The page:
Mexican-American Breast Cancer Survivors' Challenges with Health Care Disparities: A Mixed Method Study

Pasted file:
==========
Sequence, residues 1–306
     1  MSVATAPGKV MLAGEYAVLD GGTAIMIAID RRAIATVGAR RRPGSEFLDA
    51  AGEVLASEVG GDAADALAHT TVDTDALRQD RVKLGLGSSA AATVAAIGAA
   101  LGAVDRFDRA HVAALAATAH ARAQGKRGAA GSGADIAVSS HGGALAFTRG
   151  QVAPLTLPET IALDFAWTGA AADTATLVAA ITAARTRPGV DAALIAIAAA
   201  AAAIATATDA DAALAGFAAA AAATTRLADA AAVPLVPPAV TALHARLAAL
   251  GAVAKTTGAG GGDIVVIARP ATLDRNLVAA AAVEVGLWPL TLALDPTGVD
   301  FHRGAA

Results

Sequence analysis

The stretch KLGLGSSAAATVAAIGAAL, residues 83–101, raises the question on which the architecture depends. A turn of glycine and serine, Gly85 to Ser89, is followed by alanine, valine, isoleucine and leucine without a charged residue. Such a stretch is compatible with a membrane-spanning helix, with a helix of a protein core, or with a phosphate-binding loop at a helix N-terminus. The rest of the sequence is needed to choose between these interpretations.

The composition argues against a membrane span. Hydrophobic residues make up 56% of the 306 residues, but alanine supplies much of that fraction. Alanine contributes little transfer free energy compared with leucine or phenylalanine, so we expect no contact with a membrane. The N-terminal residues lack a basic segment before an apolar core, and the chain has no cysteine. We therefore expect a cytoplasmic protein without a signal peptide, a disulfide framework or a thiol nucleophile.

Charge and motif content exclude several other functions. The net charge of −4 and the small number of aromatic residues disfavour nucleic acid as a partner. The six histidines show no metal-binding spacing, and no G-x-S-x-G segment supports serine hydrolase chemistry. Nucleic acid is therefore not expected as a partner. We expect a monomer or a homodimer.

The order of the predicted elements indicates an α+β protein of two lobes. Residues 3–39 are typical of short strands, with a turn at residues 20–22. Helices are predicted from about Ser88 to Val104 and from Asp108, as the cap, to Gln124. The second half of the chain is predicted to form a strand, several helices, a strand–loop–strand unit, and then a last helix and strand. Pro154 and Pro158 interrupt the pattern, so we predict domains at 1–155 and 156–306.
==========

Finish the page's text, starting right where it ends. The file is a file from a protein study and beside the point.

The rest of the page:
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Session presented on Saturday, July 23, 2016: Purpose: Coping is a challenge for breast cancer survivors and may result in a poor quality of life (QOL) even more than five years after completion of treatment. The primary purpose of this mixed method study was to examine culturally specific health disparities, and the effects of acculturation, optimism, and breast cancer challenges on coping styles and to determine the effect coping styles have on the QOL of Mexican American breast cancer survivors. The secondary purpose was to identify effective strategies to decrease healthcare disparities experienced by Mexican American breast cancer survivors. Methods: A one group ex post facto design with path analysis was used to determine the direct, indirect and total effects of the causal antecedents on coping and QOL. Ninety two subjects participated through a nonprobability, convenience sampling method. Qualitative non-structured interviews were used to gather additional data on Mexican American women's experiences living with breast cancer and identification of culturally sensitive strategies to overcome barriers. Participant's responses were recorded verbatim and subjected to content analysis and thematic coding. Results: Path analysis revealed that women who had lower acculturation, were less optimistic about the future, experienced increased disparities and barriers to care, and had ongoing physical and psychological concerns about breast cancer. Although less optimism was associated with diminished QOL, neither active nor passive coping styles were associated with QOL for survivors. Familismo or the importance of family participation was a major theme in addressing on-going physical and psychological needs of Mexican American breast cancer survivors nine years after treatment. Qualitative narrative analysis revealed the major domain of Surviving the Fight, with subthemes of Adapting my Lifestyle, Maintaining Hope, and Remaining Vigilant. Conclusion: Qualitative data confirmed the quantitative model variables as personal characteristics of acculturation and optimism strongly influencing QOL. Nurses in a variety of healthcare settings can use these findings to identify Mexican American breast cancer survivor's at risk for reduced QOL and design culturally appropriate interprofessional care plans to coordinate their healthcare needs, increase post diagnostic care, and support efforts towards empowerment and autonomy.